Having won some money in a few NCAA pools, I decided to spend the money on a new pair of speakers. When I came home from school during spring break, I went to Tweeter to start what I thought would be a long search for the right pair. I knew that speaker purchases should be very carefully made after extensive listening, and I brought a friend to try to temper my impulses. I wanted to spend under $300, as I am a college student on a tight budget. The Aiwa system I had been using previously cost me $369 in its entirety back in 1996. Anyway, I found a pair of Klipsch bookshelfs and the Boston towers and not much else for under $300. Both Klipsch and Boston had good reputations, as far as I knew, so I decided to give them a listen. I wasn't planning on getting floorstanding speakers, as I have to transport them to and from school each year.
I brought a selection of my own CDs, and liked both speakers about the same. They were in different rooms so it was impossible to do a direct A/B test. At 300 dollars, I decided the Bostons were too good to pass up, and I figured I had 30 days to decide whether I liked them. When I brought them home and hooked them up, I was immediately enthralled. Even powered by my Aiwa minisystem, they sounded remarkable. On "3 O'Clock Blues," Eric Clapton sounded like he was in my room.
Once I bought these speakers, I immediately got bitten by the audio bug, and started planning the rest of my system. All the while, I was worried that I rushed into the purchase, and that there were better speakers for the price. After about two months of agonizing, I came up with the best system I could put together for under $1000 - a Yamaha CDC 775 CD changer, a Harman/Kardon HK 3370 70Wx2 receiver, with Monster 550i interconnects and Z1 speaker cables. At the same time, I've made many repeat visits to Tweeter, where they've kindly let me demo all sorts of equipment and systems, and spent countless hours on the Internet learning the ins and outs of sound reproduction.
Thankfully, I've come to the conclusion that I made an excellent purchase when I picked up the VR-20s. For their retail price of $550, they would have been a good value. For $300, as far as I'm concerned, I got the deal of the century. These speakers faithfully reproduce the music contained on my CDs, and they sound very good to excellent. There are times, late at night, when my walls seem to melt away and my speakers disappear, and I am THERE. I've listened to a pair of Mirage Omnipolar speakers costing much more, and frankly, I like my Boston's better. They are very well-rounded, and for this reason they excel at many different kinds of music. I listen mainly to rock (radiohead, pearl jam, rem) jazz (miles, trane, monk, mingus) hip hop (the roots, talib kweli, mos def) - mostly small group stuff.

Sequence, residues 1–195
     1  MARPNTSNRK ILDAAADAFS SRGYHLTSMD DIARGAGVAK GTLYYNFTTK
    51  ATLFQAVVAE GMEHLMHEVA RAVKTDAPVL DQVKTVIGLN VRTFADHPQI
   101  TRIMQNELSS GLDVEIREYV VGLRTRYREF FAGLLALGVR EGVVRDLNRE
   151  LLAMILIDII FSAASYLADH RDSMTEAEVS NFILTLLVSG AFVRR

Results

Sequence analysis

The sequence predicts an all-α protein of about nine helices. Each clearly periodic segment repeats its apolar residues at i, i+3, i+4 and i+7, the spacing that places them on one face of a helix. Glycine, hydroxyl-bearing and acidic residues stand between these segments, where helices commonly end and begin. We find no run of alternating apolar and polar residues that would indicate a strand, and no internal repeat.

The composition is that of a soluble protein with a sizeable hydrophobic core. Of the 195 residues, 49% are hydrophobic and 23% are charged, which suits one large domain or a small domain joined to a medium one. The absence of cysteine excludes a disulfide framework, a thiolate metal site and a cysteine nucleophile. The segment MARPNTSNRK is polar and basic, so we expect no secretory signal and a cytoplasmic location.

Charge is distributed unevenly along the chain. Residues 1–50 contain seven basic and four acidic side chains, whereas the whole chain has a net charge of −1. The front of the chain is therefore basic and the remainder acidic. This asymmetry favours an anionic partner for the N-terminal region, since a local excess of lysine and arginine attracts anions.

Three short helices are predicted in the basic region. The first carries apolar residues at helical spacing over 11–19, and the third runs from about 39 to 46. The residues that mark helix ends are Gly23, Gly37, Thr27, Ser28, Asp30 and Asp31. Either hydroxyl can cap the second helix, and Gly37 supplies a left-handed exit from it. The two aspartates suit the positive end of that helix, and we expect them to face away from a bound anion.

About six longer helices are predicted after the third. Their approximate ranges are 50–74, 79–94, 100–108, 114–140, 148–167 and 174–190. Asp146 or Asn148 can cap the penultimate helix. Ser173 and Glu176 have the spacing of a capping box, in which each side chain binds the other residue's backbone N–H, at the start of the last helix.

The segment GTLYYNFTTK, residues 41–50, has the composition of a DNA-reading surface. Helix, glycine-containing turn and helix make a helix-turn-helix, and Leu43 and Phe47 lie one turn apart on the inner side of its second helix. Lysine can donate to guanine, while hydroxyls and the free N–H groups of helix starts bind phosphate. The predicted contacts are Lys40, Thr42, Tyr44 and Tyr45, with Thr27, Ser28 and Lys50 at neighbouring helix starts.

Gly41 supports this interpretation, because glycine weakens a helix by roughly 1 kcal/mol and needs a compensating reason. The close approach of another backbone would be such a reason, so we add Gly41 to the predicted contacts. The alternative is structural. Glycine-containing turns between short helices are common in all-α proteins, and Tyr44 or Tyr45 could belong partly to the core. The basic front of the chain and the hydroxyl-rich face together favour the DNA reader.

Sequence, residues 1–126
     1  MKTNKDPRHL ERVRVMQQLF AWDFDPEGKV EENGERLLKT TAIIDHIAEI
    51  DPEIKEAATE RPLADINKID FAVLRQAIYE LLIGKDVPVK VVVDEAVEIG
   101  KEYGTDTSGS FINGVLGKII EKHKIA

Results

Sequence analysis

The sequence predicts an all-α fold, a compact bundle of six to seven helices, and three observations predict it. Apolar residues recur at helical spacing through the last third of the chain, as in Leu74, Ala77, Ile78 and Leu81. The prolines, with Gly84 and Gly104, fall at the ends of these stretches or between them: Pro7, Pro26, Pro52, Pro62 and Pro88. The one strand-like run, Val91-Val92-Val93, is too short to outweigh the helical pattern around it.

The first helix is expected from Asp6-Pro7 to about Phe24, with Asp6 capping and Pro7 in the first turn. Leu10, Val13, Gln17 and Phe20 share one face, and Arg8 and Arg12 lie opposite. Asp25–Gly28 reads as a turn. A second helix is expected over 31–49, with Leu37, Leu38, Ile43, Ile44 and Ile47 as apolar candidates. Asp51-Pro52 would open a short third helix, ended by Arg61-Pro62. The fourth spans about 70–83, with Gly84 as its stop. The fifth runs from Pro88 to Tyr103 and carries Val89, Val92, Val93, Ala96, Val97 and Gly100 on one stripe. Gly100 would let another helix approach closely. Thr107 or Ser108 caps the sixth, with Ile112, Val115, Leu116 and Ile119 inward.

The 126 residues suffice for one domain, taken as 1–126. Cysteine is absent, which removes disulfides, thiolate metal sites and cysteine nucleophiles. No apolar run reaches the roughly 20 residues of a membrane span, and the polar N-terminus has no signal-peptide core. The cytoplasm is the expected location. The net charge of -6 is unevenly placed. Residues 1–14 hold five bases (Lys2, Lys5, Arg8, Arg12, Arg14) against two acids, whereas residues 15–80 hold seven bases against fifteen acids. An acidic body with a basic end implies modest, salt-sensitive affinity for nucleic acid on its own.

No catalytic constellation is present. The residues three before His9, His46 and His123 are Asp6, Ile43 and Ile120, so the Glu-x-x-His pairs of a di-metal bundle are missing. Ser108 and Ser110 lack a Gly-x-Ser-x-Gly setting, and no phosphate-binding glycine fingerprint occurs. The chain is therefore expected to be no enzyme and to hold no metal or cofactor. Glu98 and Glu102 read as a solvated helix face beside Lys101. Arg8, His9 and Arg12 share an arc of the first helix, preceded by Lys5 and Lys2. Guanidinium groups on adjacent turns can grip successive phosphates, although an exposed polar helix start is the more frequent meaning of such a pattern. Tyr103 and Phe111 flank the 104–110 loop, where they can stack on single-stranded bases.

I think the mid-range is very warm sounding, and vocals, horns, and accoustic guitars sound particularly excellent on these speakers. Treble is good at moderate listening levels; if you turn the volume up too high, the tweeters can be very fatiguing. I think this is true of most aluminum dome tweeters, however. While Boston's claim that this tweeter is the finest available doesn't really fly with me, I'll agree that they are very good for the price. Bass is very tight sounding, not at all boomy unless you amplify lower frequencies on the EQ. Again, for the price and size of this speaker, the bass is very impressive and well articulated. The 7" woofer has enough thump for most hip hop and electronic music, but is detailed enough to reproduce a plucked double bass faithfully. However when the full jazz ensemble is playing, the double bass seems to disappear somewhat, and the lowest frequencies are obviously missing. I'm saving up to buy a REL Q-150, a sub that will be small enough for my dorm but very musical. Then, I'll have an unbeatable, full range system for under $2500.